US agency calls for more women to be screened for osteoporosis

September 1, 2010

New guideslines proposed by the US Preventive Services Task Force sponsored by the Agency for Health Research and Quality would increase the number of women eligible for bone density tests to detect osteoporosis.

A new set of guidelines proposed by the US Preventive Services Task Force sponsored by the Agency for Health Research and Quality would increase the number of women eligible for bone density tests to detect osteoporosis.

Both the existing and the proposed guidelines recommend that all women be screened for osteoporosis starting at age 65. However, the proposed guidelines recommend that women identified to be at higher risk for osteoporosis should be screened at any age rather than waiting until age 60, as set forth in the 2002 guidelines.

To develop the new recommendations, researchers reviewed the Cochrane Central Register of Controlled Trials and Cochrane Database of Systematic Reviews, MEDLINE, reference lists, and the Web of Science for studies related to osteoporosis screening and medications with fracture outcomes; performance studies of validated risk-assessment instruments; and systematic reviews and population-based studies of bone measurement tests or medication adverse effects published from January 2001 to December 2009. Data on patient populations, study design, analysis, follow-up, and results were abstracted and study-quality rated by standard criteria.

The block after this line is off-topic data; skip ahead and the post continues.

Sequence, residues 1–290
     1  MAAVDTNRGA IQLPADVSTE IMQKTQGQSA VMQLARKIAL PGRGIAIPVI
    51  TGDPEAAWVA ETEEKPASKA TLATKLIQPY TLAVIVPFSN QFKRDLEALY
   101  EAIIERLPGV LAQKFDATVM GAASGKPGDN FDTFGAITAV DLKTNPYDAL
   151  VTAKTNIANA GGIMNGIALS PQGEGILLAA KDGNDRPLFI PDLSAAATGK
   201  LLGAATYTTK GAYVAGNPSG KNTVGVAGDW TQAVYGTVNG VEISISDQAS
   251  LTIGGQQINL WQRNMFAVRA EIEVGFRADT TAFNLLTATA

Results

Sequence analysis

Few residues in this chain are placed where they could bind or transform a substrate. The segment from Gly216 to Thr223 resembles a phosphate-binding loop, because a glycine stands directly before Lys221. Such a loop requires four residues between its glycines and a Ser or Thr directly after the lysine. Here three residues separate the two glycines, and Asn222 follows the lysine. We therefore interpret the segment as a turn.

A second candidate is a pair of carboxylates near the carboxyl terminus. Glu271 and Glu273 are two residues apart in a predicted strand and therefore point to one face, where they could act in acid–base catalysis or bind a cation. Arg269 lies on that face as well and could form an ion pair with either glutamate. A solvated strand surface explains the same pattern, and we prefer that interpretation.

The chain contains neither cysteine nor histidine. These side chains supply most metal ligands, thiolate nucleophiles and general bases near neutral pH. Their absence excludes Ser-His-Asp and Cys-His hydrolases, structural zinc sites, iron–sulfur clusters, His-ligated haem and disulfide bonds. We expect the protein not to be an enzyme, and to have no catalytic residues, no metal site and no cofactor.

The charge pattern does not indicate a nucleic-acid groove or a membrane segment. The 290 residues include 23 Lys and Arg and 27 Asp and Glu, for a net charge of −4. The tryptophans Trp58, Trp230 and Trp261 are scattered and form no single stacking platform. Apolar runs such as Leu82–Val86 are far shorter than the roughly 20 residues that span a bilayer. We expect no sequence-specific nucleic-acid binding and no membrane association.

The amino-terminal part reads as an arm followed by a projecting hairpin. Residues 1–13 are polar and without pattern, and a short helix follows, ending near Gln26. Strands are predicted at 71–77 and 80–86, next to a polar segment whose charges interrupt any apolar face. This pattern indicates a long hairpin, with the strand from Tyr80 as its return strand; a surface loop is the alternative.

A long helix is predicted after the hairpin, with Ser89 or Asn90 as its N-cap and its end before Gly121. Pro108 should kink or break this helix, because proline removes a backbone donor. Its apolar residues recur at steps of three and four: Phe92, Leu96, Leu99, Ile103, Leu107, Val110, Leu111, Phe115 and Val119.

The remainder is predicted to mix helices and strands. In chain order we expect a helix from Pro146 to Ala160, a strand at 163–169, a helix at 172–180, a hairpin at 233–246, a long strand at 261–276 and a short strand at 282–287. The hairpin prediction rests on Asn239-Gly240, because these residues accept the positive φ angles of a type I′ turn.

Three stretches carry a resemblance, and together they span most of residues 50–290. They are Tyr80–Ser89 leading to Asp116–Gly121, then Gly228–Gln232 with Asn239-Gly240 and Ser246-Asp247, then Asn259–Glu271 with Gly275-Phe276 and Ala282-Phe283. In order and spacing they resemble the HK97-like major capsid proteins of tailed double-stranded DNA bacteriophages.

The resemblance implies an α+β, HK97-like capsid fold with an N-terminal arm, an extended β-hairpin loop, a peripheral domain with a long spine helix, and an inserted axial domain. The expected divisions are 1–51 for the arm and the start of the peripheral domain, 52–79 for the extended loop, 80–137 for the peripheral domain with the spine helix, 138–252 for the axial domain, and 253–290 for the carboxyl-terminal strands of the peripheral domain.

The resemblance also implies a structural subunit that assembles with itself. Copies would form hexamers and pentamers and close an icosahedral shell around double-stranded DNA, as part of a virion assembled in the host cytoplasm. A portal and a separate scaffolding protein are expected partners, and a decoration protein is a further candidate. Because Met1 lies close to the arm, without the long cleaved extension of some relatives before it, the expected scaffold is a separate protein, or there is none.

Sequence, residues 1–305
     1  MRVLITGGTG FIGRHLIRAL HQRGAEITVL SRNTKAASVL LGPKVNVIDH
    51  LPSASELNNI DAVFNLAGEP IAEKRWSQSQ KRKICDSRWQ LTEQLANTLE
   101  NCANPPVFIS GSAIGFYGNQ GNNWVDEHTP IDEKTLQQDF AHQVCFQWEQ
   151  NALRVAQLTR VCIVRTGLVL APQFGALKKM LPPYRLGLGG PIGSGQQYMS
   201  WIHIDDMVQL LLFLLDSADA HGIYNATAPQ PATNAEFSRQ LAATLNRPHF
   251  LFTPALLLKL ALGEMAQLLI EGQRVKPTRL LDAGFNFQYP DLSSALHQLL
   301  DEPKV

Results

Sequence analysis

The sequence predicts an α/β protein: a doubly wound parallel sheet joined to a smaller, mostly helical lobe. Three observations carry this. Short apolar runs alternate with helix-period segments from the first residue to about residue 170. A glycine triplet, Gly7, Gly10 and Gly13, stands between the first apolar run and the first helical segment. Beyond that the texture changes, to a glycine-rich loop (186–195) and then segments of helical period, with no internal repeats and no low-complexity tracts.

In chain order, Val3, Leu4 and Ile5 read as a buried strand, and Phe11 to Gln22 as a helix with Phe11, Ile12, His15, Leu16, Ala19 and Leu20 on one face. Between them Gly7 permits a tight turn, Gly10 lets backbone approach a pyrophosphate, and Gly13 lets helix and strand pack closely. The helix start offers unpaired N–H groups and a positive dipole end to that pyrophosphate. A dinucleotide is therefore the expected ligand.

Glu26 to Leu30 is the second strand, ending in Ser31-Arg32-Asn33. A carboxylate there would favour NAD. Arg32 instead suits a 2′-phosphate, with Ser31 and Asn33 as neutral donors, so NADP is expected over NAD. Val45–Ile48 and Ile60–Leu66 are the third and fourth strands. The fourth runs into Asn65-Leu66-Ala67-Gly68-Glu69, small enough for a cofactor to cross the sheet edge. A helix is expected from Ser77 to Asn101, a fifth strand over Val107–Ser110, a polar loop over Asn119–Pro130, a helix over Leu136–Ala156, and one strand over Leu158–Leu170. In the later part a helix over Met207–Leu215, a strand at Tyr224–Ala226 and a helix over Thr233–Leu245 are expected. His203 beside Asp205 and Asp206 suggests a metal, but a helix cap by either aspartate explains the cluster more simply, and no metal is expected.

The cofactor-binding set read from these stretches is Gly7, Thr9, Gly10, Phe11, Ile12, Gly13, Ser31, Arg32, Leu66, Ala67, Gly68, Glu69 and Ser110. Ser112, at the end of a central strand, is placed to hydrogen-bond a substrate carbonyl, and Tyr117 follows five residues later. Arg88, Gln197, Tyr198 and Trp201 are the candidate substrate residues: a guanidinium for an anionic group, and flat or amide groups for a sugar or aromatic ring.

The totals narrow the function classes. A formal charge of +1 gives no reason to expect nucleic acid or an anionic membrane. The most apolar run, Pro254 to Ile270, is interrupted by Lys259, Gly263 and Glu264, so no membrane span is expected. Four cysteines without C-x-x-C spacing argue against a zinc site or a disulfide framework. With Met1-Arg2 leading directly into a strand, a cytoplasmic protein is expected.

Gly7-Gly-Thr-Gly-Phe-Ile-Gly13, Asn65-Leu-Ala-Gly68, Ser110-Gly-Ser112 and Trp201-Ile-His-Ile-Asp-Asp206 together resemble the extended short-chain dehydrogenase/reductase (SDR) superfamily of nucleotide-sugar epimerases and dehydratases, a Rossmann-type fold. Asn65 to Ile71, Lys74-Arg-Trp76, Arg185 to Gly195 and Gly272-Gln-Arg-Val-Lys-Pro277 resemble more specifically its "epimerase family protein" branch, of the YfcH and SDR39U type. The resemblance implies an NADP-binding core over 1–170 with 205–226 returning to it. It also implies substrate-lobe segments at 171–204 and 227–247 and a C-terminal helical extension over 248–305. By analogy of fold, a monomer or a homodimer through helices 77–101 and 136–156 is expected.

The newest guidelines still do not recommend testing men for the disease, although the National Osteoporosis Foundation recommends doing so starting at age 70.

Nelson HD, Haney EM, Dana T, Bougatsos C, Choi R. Screening for osteoporosis: an update for the US Preventive Services Task Force. Ann Intern Med. 2010;153(2):99-111.